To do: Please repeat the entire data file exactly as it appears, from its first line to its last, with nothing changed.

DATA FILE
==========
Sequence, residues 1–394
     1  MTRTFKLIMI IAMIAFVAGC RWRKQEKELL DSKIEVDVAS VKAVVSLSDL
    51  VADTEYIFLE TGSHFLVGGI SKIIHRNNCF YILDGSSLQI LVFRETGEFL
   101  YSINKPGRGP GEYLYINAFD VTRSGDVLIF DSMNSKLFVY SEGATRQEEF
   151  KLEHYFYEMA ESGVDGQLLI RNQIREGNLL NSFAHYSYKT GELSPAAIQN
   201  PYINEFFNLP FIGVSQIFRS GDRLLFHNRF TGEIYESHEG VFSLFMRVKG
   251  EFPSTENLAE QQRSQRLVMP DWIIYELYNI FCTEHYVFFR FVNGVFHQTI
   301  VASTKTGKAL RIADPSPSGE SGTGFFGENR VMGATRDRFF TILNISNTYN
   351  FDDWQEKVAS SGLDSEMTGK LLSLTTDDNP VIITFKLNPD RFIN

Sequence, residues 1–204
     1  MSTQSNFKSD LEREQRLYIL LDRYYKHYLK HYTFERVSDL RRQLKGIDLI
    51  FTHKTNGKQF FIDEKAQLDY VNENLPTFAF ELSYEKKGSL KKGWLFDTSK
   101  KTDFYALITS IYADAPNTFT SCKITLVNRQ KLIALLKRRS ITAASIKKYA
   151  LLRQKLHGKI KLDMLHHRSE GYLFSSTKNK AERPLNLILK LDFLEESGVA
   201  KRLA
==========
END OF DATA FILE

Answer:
Sequence, residues 1–394
     1  MTRTFKLIMI IAMIAFVAGC RWRKQEKELL DSKIEVDVAS VKAVVSLSDL
    51  VADTEYIFLE TGSHFLVGGI SKIIHRNNCF YILDGSSLQI LVFRETGEFL
   101  YSINKPGRGP GEYLYINAFD VTRSGDVLIF DSMNSKLFVY SEGATRQEEF
   151  KLEHYFYEMA ESGVDGQLLI RNQIREGNLL NSFAHYSYKT GELSPAAIQN
   201  PYINEFFNLP FIGVSQIFRS GDRLLFHNRF TGEIYESHEG VFSLFMRVKG
   251  EFPSTENLAE QQRSQRLVMP DWIIYELYNI FCTEHYVFFR FVNGVFHQTI
   301  VASTKTGKAL RIADPSPSGE SGTGFFGENR VMGATRDRFF TILNISNTYN
   351  FDDWQEKVAS SGLDSEMTGK LLSLTTDDNP VIITFKLNPD RFIN

Sequence, residues 1–204
     1  MSTQSNFKSD LEREQRLYIL LDRYYKHYLK HYTFERVSDL RRQLKGIDLI
    51  FTHKTNGKQF FIDEKAQLDY VNENLPTFAF ELSYEKKGSL KKGWLFDTSK
   101  KTDFYALITS IYADAPNTFT SCKITLVNRQ KLIALLKRRS ITAASIKKYA
   151  LLRQKLHGKI KLDMLHHRSE GYLFSSTKNK AERPLNLILK LDFLEESGVA
   201  KRLA